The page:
Osmosis (transfer of water molecules through the bilayer) is a function of the relative concentration levels of solute molecules in intracellular and extracellular environments. Water molecules can readily pass through special protein channels. If the total concentration of all dissolved solute is unbalanced (Cinside

= Coutside), there would be a net water flow into or out of the biological cell [5]. The direction and magnitude of the water flow is strictly dependent on whether the cell&rsquos environment is isotonic, hypotonic, or hypertonic which are illustrative measures for the relative concentrations of solutes inside and outside the cell.

Isotonic Solutions (Cinside = Coutside)

In isotonic case, the total molar concentration of dissolved solutes is the same for the intracellular and extracellular environments. In this condition, the inward and outward flows of water molecules are exactly balanced (shown in Figure (PageIndex<4>)). As shown in Figure (PageIndex<4>), the net flow of water is zero and total number of water molecules (or equivalently water concentration, Cw) is remained constant on each side. A 0.9% solution of sodium hydroxide is a perfect example of isotonic solution to animal cells [2]. During experiments, like exposing membranes to different solutions, it is highly recommended to use an isotonic solution to prevent osmotic effects (e.g., swelling and shrinking of the cell) which can seriously damage the biological cells.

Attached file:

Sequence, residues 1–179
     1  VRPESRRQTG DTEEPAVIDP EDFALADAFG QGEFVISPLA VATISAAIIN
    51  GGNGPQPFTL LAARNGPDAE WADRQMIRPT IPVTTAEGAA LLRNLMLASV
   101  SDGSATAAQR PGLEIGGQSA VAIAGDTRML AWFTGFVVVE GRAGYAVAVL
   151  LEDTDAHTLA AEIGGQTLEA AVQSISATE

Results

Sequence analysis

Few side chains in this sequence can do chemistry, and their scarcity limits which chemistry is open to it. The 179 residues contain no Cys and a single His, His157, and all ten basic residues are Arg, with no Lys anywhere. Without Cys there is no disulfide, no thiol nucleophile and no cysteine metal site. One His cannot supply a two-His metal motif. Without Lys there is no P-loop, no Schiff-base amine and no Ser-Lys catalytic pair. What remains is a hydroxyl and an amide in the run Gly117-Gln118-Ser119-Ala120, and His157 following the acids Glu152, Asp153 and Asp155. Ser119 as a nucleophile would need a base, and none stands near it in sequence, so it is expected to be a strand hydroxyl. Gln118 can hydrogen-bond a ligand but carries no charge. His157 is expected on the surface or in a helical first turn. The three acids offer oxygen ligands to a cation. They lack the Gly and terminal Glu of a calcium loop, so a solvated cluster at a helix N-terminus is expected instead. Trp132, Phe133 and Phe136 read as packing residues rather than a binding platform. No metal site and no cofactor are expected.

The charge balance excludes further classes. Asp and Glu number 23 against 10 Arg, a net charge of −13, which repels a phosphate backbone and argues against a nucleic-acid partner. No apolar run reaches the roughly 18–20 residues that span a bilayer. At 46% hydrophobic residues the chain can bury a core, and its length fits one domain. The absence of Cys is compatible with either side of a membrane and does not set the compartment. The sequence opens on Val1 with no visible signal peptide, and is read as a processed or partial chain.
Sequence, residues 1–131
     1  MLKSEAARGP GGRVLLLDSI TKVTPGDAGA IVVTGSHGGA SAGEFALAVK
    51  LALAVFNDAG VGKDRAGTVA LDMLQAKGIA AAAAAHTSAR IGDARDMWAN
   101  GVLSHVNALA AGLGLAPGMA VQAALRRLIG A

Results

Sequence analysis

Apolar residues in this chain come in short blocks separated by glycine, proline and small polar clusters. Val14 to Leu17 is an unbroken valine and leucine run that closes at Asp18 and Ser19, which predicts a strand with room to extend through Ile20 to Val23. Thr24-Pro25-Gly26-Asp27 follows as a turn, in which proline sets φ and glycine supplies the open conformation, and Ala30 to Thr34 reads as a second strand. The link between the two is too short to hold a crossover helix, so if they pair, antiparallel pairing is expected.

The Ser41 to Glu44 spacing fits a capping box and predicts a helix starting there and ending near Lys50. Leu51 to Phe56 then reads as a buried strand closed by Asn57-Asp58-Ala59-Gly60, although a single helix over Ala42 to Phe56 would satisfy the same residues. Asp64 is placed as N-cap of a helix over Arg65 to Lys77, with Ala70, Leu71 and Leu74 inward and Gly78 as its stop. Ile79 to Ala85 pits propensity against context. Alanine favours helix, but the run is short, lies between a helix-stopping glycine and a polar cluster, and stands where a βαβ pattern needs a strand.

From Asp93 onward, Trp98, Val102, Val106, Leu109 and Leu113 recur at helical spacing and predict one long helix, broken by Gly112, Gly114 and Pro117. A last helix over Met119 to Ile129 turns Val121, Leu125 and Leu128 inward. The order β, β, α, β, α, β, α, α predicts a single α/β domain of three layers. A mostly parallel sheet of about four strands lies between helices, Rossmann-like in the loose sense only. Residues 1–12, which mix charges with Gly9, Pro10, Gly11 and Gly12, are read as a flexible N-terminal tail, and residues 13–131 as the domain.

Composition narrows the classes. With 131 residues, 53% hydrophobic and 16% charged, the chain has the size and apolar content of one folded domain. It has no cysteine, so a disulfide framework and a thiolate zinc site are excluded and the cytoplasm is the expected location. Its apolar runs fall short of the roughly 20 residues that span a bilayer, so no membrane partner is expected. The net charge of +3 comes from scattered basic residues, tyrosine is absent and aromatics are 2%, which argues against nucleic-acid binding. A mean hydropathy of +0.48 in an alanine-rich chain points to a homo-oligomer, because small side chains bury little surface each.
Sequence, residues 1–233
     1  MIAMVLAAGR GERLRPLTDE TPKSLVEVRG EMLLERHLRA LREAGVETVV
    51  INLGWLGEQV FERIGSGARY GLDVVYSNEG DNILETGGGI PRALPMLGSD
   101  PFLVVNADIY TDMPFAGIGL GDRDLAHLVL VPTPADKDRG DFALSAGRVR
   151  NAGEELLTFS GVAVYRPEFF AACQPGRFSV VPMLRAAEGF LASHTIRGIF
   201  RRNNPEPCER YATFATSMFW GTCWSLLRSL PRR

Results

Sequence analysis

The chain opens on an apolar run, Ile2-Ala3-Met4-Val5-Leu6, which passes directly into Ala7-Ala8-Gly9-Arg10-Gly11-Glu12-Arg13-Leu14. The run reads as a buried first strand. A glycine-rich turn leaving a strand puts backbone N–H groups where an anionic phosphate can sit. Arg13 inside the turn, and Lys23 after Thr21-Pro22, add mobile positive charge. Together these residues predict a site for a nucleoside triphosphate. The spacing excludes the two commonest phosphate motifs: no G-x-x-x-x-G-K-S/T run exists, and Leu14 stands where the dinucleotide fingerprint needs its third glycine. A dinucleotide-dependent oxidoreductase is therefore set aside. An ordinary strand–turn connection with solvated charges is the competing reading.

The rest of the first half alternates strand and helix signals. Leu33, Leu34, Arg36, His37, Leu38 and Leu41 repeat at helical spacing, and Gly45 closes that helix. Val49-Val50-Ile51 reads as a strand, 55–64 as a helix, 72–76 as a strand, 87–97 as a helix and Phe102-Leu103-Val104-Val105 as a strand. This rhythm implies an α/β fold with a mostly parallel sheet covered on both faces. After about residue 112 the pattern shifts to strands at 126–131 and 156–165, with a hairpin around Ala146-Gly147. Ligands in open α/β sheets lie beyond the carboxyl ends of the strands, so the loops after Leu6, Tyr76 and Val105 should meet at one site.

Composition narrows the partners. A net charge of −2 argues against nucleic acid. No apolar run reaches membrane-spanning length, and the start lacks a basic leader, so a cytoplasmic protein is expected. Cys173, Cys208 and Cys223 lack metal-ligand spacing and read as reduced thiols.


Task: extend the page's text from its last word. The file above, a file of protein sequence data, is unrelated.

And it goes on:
Figure (PageIndex<4>) - Transport of water molecules through protein channels in isotonic condition [2]

Hypotonic Solutions (Cinside > Coutside)